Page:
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I'm trying to figure out where my HD space is going. df tells me this:

bash-3.2$ df -h /
Filesystem   Size   Used  Avail Capacity  iused   ifree %iused  Mounted on
/dev/disk1  148Gi  137Gi   11Gi    93% 35980809 2791381   93%   /

The basic information here is correct. My disk is 160GB in log10 (1000) units, which is 148GB in log2 (1024) units. df -h on Mac returns log2 units, so the information is correct. OK, so, 137GB is used in log2 units. Where? Let's use du:

bash-3.2$ sudo du -d 1 -h /
Password:
1.0G    /.DocumentRevisions-V100
 40M    /.fseventsd
2.7G    /.Spotlight-V100
  0B    /.Trashes
  0B    /.vol
 33G    /Applications
2.3M    /bin
  0B    /cores
  0B    /Datarescue
4.5K    /dev
1.0K    /home
 15M    /Incompatible Software
8.3G    /Library
  0B    /lost+found
1.0K    /net
  0B    /Network
7.3G    /opt
 15M    /Payloads
8.3G    /private
1.1M    /sbin
6.0G    /System
 60G    /Users
1.1G    /usr
4.0K    /Volumes
128G    /

du -h is using log2 units also. And so, you'll probably see my issue: there's 9GB missing here (128GB is actually used, but 137GB is reported as used). How do I figure out where that's gone off to?

(I see this question repeated several times in the past, the issue there is typically that people didn't run du as root so it didn't include some files, and that was reported on stderr - but I clearly did run as root, and no errors about unreadable files were reported on stderr.)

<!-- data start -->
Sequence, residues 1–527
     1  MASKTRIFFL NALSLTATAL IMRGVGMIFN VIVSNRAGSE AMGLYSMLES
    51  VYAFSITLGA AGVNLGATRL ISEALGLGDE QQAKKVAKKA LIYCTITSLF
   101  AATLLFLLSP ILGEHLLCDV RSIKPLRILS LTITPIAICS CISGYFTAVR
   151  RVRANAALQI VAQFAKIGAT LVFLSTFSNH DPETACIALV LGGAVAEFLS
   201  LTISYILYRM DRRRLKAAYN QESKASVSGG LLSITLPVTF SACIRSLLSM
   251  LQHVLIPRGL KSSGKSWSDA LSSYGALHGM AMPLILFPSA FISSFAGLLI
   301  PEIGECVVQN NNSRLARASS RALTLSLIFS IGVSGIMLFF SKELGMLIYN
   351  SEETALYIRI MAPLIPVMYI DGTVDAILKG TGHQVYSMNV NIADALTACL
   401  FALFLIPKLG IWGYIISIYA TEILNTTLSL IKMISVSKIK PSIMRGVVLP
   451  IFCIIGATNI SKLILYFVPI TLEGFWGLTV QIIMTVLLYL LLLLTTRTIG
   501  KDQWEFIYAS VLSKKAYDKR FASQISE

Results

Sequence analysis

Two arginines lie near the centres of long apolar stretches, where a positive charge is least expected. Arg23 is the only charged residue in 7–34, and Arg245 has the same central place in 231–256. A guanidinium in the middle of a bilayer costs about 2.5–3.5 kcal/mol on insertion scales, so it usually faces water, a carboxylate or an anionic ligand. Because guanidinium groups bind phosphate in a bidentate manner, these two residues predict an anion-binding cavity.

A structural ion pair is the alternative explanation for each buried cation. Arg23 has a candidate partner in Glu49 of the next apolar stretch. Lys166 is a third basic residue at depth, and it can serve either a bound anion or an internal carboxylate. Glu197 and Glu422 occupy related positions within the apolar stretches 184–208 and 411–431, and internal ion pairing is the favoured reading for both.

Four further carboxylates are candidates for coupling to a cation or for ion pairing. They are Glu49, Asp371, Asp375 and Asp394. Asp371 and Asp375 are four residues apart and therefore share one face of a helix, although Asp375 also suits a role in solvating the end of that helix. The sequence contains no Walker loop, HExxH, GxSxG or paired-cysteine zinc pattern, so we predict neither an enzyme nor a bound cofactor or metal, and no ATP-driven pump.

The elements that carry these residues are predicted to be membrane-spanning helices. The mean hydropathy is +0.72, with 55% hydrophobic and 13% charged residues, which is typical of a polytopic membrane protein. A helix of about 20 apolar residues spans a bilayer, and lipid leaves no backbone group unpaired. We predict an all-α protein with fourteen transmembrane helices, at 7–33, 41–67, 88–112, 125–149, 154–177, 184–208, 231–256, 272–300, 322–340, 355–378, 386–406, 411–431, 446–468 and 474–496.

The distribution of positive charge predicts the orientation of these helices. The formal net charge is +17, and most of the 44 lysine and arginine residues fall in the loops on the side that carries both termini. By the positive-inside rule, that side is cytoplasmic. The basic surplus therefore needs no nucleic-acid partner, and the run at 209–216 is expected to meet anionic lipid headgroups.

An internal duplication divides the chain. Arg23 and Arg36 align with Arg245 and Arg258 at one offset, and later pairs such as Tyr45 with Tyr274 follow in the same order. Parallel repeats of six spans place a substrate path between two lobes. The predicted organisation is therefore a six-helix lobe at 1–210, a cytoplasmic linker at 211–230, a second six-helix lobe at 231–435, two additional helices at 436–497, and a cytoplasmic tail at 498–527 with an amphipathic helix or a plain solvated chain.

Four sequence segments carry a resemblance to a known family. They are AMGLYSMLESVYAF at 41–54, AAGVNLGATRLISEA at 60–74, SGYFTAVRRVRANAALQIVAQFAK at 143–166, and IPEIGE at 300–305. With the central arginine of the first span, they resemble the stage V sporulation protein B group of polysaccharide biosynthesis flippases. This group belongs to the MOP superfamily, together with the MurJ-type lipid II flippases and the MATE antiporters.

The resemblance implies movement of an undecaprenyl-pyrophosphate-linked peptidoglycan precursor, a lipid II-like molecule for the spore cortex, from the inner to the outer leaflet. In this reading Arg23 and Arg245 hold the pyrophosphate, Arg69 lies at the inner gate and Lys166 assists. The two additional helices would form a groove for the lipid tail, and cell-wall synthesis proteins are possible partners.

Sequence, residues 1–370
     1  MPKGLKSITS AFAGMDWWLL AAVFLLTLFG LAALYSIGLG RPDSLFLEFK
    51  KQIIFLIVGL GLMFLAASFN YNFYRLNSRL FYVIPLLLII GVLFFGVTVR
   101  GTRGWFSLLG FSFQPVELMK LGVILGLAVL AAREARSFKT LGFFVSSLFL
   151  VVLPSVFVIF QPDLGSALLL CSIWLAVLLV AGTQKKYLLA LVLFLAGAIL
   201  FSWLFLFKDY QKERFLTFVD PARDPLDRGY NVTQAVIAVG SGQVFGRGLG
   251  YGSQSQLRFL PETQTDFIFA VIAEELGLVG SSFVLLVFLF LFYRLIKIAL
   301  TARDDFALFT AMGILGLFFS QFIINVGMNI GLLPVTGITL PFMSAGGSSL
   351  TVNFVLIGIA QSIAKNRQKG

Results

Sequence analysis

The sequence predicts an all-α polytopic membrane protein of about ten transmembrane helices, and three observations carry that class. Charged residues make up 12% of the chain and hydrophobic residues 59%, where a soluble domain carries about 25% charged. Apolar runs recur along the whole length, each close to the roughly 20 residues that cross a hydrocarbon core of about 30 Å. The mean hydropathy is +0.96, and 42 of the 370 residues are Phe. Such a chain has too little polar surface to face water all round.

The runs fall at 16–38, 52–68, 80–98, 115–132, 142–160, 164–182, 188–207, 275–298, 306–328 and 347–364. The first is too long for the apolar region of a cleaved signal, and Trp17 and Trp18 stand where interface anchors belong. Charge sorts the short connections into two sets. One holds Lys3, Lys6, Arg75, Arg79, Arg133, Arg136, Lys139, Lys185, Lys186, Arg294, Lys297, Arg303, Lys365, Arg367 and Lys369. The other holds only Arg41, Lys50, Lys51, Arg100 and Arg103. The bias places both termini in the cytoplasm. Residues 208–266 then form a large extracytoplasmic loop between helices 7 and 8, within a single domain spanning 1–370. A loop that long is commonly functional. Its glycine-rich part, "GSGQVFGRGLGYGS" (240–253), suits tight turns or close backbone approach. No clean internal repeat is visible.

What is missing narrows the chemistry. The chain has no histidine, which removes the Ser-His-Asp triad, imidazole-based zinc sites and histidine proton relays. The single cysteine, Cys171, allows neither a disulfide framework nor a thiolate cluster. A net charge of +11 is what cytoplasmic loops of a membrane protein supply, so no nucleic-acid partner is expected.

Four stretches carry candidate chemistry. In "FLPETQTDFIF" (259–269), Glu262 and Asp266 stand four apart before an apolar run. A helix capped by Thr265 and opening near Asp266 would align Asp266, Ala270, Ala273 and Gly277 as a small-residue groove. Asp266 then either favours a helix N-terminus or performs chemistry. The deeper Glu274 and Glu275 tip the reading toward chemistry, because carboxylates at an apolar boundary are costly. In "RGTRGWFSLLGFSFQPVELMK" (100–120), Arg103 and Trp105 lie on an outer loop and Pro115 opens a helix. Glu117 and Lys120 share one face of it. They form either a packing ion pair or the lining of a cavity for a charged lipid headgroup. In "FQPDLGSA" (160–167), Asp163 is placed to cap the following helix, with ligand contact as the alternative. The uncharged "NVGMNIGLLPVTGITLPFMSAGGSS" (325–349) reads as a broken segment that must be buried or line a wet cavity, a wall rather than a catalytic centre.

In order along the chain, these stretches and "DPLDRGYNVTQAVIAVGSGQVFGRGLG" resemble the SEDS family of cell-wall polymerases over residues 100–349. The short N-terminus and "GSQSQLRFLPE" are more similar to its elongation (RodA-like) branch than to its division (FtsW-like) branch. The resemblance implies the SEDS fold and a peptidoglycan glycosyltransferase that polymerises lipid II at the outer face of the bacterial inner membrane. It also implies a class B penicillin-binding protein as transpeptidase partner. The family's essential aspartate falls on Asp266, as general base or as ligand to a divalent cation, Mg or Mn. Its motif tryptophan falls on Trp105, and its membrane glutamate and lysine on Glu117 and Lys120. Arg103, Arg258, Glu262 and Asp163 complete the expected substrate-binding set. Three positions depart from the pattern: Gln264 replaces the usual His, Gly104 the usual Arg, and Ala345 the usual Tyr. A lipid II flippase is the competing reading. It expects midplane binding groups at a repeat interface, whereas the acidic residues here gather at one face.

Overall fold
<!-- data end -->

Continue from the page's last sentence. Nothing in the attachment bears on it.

[edit]

To clarify from the below response, I fixed this by using "sudo gdu --apparent-size -h -d 1 /" instead of "sudo du -d 1 -h /", and now it properly reports 139GB used, which is close enough to 137/148 as reported by df.

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  • I had a discrepancy of 125 Gb (du said 740 Gb while df said 875 Gb) which vanished after performing a minor macOS software update. Pretty strange.
    – mvds
    Commented Jan 26 at 19:58

2 Answers 2

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I think in your case it may be as simple as df reporting in Gibibyte while du -h reports in Gigabyte unless you replace -h by --si.

E.g.

> du -s -h
303G
> du -s --si
326G
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  • df -H (in 1000-units) reports 147/158GB used, and df -h (in 1024-units) reports 137/148GiB being used. Neither of these two is remotely close to 128GB, which is what du reports, and which is in 1024-units (according to man du). Commented Nov 12, 2015 at 16:00
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    @RonaldS.Bultje In this case, you should also consider du's --apparent-size option.
    – Run CMD
    Commented Nov 12, 2015 at 16:04
  • Ah! Yes, that made a big difference, so on Mac that's actually "gdu --apparent-size -h /" (du doesn't have that option), but now the sum is indeed 139GB. Thank you! Commented Nov 12, 2015 at 16:23
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Came across this one. I used ncdu utility on ubuntu, but you can install it on mac as well.

https://apple.stackexchange.com/questions/173767/terminal-command-ncdu

This should give you the option to see both size and apparent size.

Also, keep in mind that there might be deleted files which "still exist", i.e., you can find them with

lsof | grep deleted

(https://access.redhat.com/solutions/2316)

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